Opera, Harlem Opera Theater, and The Harlem Chamber Players are joining
forces to present a semi-staged concert production of the Harlem
Renaissance opera Voodoo by Harry Lawrence Freeman.
This will be the first performance since its 1928 premiere!
contemporary of Scott Joplin, Harry Lawrence Freeman was well-known in
the Harlem community and gained acceptance in classical music circles in
the 1920s - 1940s. He won numerous awards, and his operas were
performed on Broadway and at Carnegie Hall. Despite these achievements,
most of his operas remain unpublished, and there are no professional
recordings of his music. Your support will help us create history by bringing Freeman's long-lost music back to the public.
How You Can Help
need to raise $20,000 to present this project with a full chamber
orchestra, choir and 7 lead singers. Any amount you feel comfortable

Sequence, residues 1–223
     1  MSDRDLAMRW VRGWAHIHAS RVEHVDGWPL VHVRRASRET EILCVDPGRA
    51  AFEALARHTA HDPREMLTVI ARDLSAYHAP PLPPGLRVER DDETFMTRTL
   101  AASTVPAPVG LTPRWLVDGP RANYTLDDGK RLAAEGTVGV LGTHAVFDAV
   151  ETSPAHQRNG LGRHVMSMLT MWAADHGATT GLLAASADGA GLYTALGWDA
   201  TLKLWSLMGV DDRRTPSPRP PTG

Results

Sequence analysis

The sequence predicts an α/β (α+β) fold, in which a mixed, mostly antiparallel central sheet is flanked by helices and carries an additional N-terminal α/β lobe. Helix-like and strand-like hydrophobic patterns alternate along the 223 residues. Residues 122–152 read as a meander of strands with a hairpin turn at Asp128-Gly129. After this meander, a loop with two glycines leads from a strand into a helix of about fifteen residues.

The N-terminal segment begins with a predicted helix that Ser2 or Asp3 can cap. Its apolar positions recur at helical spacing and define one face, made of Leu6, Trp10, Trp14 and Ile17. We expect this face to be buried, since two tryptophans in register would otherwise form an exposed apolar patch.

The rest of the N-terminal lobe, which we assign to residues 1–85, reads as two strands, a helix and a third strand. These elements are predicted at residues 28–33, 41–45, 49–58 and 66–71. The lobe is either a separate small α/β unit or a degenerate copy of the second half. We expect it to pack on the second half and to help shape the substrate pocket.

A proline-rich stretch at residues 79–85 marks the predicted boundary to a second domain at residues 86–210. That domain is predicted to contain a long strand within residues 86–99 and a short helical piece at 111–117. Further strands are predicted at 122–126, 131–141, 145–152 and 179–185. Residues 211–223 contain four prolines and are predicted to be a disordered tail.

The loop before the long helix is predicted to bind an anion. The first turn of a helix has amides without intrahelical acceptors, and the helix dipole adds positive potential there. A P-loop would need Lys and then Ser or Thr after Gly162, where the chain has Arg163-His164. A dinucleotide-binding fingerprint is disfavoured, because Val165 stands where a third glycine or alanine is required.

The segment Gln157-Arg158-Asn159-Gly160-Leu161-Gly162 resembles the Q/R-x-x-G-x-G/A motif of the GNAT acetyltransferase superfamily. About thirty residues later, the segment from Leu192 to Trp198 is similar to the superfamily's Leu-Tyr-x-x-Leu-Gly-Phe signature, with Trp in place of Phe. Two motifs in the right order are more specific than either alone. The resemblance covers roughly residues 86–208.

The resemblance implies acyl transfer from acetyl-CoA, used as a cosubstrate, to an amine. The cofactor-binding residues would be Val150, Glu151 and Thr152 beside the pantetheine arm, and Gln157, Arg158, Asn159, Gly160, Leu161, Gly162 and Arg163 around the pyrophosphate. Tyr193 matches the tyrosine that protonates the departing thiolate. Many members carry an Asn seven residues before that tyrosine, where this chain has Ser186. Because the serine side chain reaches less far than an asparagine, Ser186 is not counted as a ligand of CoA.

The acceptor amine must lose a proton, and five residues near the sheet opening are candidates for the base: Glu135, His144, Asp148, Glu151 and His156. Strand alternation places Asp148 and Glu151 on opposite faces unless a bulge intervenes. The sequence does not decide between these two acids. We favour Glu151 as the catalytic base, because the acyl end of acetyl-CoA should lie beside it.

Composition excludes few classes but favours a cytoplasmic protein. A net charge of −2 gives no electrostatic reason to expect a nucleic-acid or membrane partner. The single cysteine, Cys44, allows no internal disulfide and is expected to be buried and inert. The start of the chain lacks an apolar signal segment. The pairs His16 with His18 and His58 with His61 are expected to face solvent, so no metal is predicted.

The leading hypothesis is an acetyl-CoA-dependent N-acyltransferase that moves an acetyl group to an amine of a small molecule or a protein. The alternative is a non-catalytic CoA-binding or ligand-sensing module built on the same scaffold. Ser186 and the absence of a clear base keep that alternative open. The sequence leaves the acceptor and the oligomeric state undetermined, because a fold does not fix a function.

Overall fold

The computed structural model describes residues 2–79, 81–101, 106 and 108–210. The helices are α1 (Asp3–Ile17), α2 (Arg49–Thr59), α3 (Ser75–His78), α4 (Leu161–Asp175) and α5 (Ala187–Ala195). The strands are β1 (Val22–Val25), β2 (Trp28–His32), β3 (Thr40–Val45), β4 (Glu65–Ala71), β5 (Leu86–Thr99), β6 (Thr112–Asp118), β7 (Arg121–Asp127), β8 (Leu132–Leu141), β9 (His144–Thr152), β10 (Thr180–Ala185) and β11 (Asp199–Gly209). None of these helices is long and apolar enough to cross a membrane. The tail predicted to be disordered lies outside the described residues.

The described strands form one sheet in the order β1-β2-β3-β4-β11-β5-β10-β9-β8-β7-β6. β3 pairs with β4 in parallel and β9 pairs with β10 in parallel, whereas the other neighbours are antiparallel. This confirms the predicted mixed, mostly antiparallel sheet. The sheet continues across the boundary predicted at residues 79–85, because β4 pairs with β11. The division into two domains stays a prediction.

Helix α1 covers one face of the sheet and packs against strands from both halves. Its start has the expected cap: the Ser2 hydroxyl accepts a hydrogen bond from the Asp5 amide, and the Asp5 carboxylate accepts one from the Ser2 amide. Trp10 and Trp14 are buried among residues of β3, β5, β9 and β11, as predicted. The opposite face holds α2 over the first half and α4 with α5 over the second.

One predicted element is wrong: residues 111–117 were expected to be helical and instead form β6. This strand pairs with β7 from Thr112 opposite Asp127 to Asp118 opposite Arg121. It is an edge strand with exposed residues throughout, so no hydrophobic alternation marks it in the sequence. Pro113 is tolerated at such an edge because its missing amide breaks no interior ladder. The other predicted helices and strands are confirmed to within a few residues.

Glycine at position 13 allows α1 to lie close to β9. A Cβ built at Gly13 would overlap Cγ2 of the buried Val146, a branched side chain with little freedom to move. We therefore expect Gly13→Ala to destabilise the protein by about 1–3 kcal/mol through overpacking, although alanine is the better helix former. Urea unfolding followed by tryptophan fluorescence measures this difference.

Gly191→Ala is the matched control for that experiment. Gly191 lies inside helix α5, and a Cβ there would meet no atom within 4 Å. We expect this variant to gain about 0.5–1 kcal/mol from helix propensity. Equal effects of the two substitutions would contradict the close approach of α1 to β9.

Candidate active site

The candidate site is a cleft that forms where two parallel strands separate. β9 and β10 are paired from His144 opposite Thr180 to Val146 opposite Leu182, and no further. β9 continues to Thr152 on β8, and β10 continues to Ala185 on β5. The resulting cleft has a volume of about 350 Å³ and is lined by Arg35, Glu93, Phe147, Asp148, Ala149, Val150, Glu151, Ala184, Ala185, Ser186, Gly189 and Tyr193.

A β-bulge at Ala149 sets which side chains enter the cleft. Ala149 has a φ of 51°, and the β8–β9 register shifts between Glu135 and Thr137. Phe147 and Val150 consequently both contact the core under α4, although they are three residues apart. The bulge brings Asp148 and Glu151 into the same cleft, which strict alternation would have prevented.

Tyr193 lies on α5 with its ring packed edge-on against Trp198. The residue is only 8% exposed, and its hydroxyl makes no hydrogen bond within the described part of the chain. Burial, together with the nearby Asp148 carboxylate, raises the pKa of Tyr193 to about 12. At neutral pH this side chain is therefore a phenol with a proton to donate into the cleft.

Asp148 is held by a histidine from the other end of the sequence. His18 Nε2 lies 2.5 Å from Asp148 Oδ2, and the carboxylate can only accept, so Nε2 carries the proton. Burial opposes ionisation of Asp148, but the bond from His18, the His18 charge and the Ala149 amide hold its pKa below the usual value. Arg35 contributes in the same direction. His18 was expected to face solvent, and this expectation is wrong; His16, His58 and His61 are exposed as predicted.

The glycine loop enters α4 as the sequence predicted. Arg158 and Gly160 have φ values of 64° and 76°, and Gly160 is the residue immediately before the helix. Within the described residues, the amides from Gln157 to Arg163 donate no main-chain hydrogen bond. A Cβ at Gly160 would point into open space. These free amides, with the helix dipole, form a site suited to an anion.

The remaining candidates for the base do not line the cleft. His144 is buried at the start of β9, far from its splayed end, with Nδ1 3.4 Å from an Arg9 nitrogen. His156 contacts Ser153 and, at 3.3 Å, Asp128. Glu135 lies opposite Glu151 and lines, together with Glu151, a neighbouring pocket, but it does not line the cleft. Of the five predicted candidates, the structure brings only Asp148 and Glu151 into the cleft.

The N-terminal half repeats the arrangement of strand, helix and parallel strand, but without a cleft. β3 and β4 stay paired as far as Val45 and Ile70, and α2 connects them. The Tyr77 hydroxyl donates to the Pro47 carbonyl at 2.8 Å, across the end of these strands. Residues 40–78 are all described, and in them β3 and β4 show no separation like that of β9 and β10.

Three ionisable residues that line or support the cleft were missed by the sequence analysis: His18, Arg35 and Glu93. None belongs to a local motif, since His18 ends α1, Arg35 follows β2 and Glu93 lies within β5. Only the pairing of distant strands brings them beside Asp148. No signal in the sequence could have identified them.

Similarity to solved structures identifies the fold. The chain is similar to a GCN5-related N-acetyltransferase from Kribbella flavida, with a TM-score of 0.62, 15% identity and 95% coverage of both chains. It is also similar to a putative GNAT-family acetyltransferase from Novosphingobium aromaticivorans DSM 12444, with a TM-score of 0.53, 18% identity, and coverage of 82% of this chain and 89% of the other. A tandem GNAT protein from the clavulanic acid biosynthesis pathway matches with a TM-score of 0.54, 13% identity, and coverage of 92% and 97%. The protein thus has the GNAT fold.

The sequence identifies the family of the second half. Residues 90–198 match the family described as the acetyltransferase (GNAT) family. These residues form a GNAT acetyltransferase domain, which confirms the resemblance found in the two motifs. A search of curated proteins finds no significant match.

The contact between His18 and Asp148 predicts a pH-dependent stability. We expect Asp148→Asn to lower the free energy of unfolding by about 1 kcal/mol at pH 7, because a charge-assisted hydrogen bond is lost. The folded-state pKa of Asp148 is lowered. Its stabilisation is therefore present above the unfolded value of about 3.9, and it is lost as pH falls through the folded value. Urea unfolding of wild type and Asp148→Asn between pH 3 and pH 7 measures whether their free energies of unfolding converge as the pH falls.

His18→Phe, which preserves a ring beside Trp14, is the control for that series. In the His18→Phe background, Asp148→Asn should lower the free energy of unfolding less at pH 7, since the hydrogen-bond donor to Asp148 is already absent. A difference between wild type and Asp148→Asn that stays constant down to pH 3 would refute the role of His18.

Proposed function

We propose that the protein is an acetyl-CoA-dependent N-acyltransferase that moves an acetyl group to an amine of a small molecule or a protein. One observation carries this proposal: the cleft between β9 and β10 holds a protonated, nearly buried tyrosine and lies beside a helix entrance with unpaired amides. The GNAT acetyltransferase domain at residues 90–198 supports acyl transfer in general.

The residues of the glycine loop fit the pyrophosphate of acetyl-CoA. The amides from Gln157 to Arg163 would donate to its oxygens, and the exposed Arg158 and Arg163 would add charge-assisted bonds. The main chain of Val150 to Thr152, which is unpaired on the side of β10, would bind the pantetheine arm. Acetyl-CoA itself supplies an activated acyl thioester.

giving, whether it be $10, $25, $50, $100 or more, will be a huge help
in our reaching our goal to make this historic production a reality.
Your contribution is tax-deductible. You may also help by telling your
friends about this as well!
Lawrence Freeman (1869 - 1954) was an African-American opera composer
and Harlem Renaissance figure. Dubbed "the colored Wagner" by
contemporary journalists, Freeman considered himself a student of the
German composer, but also incorporated American folk music and jazz into
his compositions. Freeman completed Voodoo in
1914, and it was not performed until 1928. It is exemplary of his
compositional style. Set on a Louisiana plantation just after the Civil
War, the opera centers on a classic love triangle between three former
slaves, one of whom turns to voodoo and magic to entice her sweetheart
and do away with her rival. The opera blends Western classical music
with extended passages of period dance music, including a "Cake-Walk,"
and incorporates re-settings of several African-American spirituals,
such as "Swing Low, Sweet Chariot." Voodoo was broadcast live on New York radio and was the first opera by an African-American composer to be presented on Broadway.